Kendall McDonald, a former Fleet Street editor, has been diving (and writing about it) for more than 45 years. He has been DIVERs wreck expert since 1960.
The To settle an argument between two villages in South Devon, can any diver give us a bar of soap with written proof that he or she obtained it from the wreck of the Persier, which sank off Bigbury, South Devon in 1945 Derrick Yeoman, Thurlestone, Devon

Theres a lot more behind this question than you might think. The Persier was torpedoed by U-1017 on 11 February 1945, when she was near the Eddystone on her way to take relief supplies to the newly liberated Belgians. In her holds were 2200 tons of soap, 6 tons of electrical parts, 16 tons of leather, 9 tons of baby food, 5 tons of woollen blankets, 968 tons of canned meat, 1186 tons of dried egg, 8 tons of lorry parts and 16 tons of rationing stamps.
She finally sank off Challaborough in the night after being abandoned by her crew. No one saw her go down, but locals soon found the cargo being washed up on their beaches.
The residents of the cheek-by-jowl villages of Bigbury, Bantham, Thurlestone and South Milton naturally regarded the tins of food and the soap as their birthright, but the Customs men had other ideas. They nicked and fined quite a few they caught with the goods, but a lot of the soap and tins were nestled safely away under thatched roofs.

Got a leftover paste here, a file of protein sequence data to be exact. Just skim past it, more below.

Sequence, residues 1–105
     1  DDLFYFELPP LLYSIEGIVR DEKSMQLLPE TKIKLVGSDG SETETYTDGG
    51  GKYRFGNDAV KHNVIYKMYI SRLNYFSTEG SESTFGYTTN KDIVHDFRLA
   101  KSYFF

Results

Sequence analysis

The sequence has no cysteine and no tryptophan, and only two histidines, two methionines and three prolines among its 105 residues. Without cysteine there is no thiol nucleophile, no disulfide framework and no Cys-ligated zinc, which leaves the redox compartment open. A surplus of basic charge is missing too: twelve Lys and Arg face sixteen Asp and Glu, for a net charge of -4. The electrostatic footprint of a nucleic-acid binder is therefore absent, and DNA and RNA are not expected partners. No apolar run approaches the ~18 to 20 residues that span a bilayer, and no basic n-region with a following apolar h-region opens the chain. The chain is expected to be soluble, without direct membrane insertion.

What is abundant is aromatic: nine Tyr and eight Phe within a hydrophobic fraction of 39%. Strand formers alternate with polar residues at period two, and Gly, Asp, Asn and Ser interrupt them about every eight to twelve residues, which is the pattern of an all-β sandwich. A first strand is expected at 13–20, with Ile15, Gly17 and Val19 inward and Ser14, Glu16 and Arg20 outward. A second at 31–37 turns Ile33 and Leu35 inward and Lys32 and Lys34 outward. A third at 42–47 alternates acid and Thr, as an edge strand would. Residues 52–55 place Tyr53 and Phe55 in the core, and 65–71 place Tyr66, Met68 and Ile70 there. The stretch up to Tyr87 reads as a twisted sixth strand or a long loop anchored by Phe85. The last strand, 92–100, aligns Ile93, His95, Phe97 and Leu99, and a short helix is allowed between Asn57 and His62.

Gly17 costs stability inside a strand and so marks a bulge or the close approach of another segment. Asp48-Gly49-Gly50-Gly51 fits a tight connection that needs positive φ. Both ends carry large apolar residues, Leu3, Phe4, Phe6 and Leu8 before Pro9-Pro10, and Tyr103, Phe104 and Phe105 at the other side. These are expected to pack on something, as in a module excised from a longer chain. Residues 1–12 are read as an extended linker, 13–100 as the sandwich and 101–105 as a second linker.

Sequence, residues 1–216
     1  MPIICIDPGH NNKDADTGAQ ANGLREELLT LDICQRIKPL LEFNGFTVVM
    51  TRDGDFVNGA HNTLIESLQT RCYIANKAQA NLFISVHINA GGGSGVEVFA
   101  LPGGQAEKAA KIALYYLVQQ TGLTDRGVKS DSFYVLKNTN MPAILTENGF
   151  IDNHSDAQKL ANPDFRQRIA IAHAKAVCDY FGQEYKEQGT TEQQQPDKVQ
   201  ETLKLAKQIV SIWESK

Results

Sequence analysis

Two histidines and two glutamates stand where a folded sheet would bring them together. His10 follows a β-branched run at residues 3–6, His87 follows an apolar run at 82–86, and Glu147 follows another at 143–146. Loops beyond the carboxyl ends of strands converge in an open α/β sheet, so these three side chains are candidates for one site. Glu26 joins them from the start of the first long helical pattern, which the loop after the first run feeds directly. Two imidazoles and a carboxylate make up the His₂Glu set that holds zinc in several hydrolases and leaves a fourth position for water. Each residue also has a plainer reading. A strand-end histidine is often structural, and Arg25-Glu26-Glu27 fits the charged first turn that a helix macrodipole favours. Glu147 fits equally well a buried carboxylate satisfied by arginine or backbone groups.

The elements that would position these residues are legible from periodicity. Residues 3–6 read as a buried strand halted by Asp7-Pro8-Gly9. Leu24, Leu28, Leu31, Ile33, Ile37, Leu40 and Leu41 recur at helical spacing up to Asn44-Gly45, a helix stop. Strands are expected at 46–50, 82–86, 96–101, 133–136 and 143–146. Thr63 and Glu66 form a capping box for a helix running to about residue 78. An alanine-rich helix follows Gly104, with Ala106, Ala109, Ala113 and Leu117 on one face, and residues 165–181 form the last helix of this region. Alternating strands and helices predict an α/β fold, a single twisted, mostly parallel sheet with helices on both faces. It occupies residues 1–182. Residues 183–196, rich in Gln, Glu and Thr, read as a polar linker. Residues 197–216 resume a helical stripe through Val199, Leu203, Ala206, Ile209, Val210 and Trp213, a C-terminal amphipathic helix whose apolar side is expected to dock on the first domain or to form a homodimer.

Today an inter-village battle of the soaps has broken out, frothed up by local newspaper reports that South Milton villagers have found some of the old green Fairy soap and propose to auction it for their church funds.
No, they cant, say Thurlestones wartime beachcombers, because the soap wasnt green, but big hunks of Sunlight yellow and, whats more, they are going to auction some of the real stuff for their church funds.
To add to the local lather, Proctor and Gamble claims that the green variety is indeed its own product of the time and has given150 to South Milton church.
I have dived the Persier many times. We banned divers from bringing up great lumps of oozing, yellow, foul-smelling soap because of the mess it made in the dive boat, but some bars probably slipped ashore. So has any diver got a nice piece which he is prepared to hurl into this Battle of the Soaps- with, of course, a signed certificate of origin